What about strategies? To use an analogy, strategies are not as crucial in a 100m dash as they are in long distance races. Working on nontraditional currency designs is like a marathon, a long term endeavor where the goals are not clearly in sight and various paths, some untried, are open for exploration. I have long ago shed any misconception that I could code an idea quickly and hope for spontaneous transmission (‘viral’ is another oft-repeated but misleading description thrown around by enthusiasts.) The work requires commitment and endurance, luck and inspiration. It certainly helps to be in a community of similarly-minded advocates, but shared interest is actually less important to me than having a shared notion of what constitutes quality effort.

2010 Review and 2011 Tentative Plans

The year 2010 went by fast. Looking at the three goals for this year, I was only able to accomplish goal #1 which was to code and document a budget-centric system. I was not able to implement even one smaller study (goal #2), although I was able to refine my conceptual approach throughout all of last year. So even though I was not able to work on actual studies, the framework for conducting studies should lead to better implementation and more convincing results. This goal is now 2011:goal #1.

As far as the third goal of recreating a more-user friendly website, I did not make any progress on that at all. It was just really at the bottom of my priority list. This goal will become 2011:goal #2.

After much thought regarding my limitations and abilities, I plan to commit 15 hours a week on currency-related projects this year, starting possibly in March. I am still settling into a new routine, so it is hard to be more definite about this year’s plan. Despite having a good view of long-term goals, I have to be able to fit personal projects around newfound opportunities in order to have a realistic chance of success. I’ll post more informative updates once I get a clearer picture of various responsibilities, schedules, and paths forward.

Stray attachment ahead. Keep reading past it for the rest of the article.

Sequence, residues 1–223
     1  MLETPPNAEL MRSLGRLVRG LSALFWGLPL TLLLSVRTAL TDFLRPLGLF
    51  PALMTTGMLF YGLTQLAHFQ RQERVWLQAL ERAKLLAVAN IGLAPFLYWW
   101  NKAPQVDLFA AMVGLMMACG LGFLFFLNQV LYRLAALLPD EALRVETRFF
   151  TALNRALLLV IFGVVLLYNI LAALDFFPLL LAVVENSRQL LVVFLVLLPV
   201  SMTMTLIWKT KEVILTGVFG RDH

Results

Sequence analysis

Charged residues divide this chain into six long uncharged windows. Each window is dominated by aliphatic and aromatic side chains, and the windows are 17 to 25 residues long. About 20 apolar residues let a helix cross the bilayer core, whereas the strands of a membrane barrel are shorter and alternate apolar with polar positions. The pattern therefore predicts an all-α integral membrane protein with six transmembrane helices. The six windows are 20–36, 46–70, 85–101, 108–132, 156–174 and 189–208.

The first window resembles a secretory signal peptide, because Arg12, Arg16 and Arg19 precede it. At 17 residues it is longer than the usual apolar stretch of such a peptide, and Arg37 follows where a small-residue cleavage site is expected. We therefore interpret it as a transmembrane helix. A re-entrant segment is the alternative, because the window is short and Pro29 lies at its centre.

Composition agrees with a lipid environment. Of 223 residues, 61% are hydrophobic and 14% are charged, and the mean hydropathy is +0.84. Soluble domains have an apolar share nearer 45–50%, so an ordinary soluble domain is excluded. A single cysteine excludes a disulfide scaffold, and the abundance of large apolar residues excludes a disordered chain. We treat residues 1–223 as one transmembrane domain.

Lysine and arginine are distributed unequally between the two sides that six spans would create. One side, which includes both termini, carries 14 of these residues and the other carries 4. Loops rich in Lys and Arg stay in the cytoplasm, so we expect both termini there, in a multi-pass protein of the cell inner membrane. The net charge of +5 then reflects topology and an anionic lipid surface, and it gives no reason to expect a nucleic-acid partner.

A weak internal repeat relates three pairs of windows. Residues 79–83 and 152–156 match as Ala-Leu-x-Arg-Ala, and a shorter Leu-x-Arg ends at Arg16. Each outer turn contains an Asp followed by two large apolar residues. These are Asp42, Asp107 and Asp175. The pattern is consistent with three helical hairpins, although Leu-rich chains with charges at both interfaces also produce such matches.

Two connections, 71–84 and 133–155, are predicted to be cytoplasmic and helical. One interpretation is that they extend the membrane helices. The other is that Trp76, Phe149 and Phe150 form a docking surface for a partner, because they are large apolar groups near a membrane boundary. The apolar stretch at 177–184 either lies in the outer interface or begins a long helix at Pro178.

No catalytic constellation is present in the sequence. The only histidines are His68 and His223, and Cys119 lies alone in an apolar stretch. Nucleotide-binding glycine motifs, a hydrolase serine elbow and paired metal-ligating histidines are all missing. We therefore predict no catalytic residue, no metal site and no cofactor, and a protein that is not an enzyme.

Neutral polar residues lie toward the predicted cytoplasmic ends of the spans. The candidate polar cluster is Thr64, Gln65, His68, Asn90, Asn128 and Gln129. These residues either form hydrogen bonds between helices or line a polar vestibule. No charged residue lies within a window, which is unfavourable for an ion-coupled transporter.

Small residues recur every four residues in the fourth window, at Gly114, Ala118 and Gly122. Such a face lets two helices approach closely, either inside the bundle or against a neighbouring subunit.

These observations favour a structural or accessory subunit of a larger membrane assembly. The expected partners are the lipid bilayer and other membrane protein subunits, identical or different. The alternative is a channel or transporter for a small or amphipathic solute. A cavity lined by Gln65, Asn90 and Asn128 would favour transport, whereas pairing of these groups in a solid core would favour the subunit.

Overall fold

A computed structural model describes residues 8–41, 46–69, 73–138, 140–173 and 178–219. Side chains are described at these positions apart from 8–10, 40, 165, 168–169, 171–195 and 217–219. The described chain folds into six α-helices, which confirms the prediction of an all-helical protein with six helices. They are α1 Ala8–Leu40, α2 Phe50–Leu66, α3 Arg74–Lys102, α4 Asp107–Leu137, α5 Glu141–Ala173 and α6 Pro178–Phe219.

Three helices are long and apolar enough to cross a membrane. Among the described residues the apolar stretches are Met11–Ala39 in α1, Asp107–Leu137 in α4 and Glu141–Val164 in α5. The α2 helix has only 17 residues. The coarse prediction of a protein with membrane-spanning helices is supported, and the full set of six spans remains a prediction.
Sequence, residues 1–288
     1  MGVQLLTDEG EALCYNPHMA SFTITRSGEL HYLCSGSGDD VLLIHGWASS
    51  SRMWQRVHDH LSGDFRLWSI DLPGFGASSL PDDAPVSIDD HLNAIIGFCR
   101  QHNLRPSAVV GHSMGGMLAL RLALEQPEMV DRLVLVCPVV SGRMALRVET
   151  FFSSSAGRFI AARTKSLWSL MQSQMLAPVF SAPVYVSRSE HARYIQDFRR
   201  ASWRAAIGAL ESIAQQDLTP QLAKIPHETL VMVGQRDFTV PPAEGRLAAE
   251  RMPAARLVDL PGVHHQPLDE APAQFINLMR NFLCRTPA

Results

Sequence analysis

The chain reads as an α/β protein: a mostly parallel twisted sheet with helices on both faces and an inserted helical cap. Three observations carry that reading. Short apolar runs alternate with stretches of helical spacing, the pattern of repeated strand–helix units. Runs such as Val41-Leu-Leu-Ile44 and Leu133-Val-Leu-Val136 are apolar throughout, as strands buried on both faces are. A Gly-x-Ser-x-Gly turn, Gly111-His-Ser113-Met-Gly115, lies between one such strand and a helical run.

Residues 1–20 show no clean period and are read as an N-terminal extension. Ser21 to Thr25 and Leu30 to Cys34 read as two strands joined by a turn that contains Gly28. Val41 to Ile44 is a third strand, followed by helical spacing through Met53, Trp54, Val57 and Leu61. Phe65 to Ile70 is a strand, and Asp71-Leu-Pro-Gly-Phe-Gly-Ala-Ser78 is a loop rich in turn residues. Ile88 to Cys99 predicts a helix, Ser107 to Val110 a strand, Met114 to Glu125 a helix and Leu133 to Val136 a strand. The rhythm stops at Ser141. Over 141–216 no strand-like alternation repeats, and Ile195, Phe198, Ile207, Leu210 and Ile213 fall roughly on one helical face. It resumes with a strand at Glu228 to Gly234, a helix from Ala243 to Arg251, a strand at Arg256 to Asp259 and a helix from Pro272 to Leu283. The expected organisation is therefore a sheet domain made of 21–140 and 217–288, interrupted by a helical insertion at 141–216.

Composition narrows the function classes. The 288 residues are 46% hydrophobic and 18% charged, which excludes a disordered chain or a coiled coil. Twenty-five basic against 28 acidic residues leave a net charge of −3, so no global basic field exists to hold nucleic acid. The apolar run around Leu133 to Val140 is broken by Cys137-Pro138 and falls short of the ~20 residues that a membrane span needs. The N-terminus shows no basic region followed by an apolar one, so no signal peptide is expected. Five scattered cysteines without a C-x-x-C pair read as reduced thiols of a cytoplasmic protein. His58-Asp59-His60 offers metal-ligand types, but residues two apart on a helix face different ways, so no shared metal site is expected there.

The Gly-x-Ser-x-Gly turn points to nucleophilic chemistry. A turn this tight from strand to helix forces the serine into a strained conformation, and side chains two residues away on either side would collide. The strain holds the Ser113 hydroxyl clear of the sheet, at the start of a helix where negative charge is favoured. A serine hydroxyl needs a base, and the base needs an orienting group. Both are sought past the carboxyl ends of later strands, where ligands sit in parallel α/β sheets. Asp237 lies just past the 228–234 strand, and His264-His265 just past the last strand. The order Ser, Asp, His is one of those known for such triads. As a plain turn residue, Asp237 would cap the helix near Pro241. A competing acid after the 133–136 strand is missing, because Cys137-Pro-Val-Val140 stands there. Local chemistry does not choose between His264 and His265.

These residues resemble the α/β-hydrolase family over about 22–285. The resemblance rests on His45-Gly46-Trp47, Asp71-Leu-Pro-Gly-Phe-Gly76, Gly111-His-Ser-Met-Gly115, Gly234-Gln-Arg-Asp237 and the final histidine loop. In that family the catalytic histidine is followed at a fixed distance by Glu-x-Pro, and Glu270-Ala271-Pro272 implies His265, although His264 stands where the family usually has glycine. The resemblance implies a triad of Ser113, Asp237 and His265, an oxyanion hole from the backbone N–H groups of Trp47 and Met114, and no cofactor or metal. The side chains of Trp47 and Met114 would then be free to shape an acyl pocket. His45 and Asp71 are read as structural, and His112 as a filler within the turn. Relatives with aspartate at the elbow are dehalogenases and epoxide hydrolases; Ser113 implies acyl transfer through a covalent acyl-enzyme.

2010 Q3/Q4 Updates

I have noticed that, lately, my posts regarding implementation plans are becoming more vague. The main reason for vagueness is to minimize the need for explaining changes in strategy, which — readers of this blog should know — happen quite often. I prefer to spend my time coding conceptual plans, rather than talking about them. Nothing communicates the current approach or preferred path better than demonstration of working code.

Still, there is value in sharing general plans, concrete experiences and practical lessons learned. Here are related updates:

Q3:

As I mentioned in a previous post, I am really proud of how the NPX system and mobile-inspired UI came together. I have decided to not announce this development in other forums because I predict eventual loss of interest similar to what happened when I announced Prowl early last year. If I do not provide working prototypes of two other major infrastructure components, the enthusiasm would simply wither if there are no sustained means of visualizing ‘what-could-be’.

Two technical features highlight my growing reluctance to give more detailed plans. One of the features involved the use of asymmetric encryption to strengthen non-repudiation. Although blog posts from last year emphasized PKI-type verification, the plan changed early this year based upon farther reflection on OpenTransact’s approach, which is to leave payment verification details to OAuth specs. That approach allows OpenTransact development to proceed faster as an orthogonal concern.

I decided to use a similar approach to speed-up my own development effort for an InterEntity Payment Protocol (IPP). However, instead of tying IPP implementation to a particular verification scheme such as OAuth, it seemed that IPP should be able to accommodate different verification schemes depending on the capabilities and preferences of accounting systems. The end result is that PKI-type verification is just one of two schemes that I have prototyped to work in NP, the other a simpler scheme of querying the accounting system directly through HTTP. Different types of verification schemes could be added and modified later, the important thing is that there is a working payment protocol between independent ledger systems.

The other technical feature example is seller-credential-caching at the user-interface level, like bookmarked information for sending payment at-will to a favorite merchant or charity. Although I was initially excited about this feature, I did not announce it since it might prove to be a not-so important feature eventually. And that was what happened. After spending much time developing code and related icons, I ended up discarding that feature based on usability concerns such as expired credentials, mobile display, etc.

Q4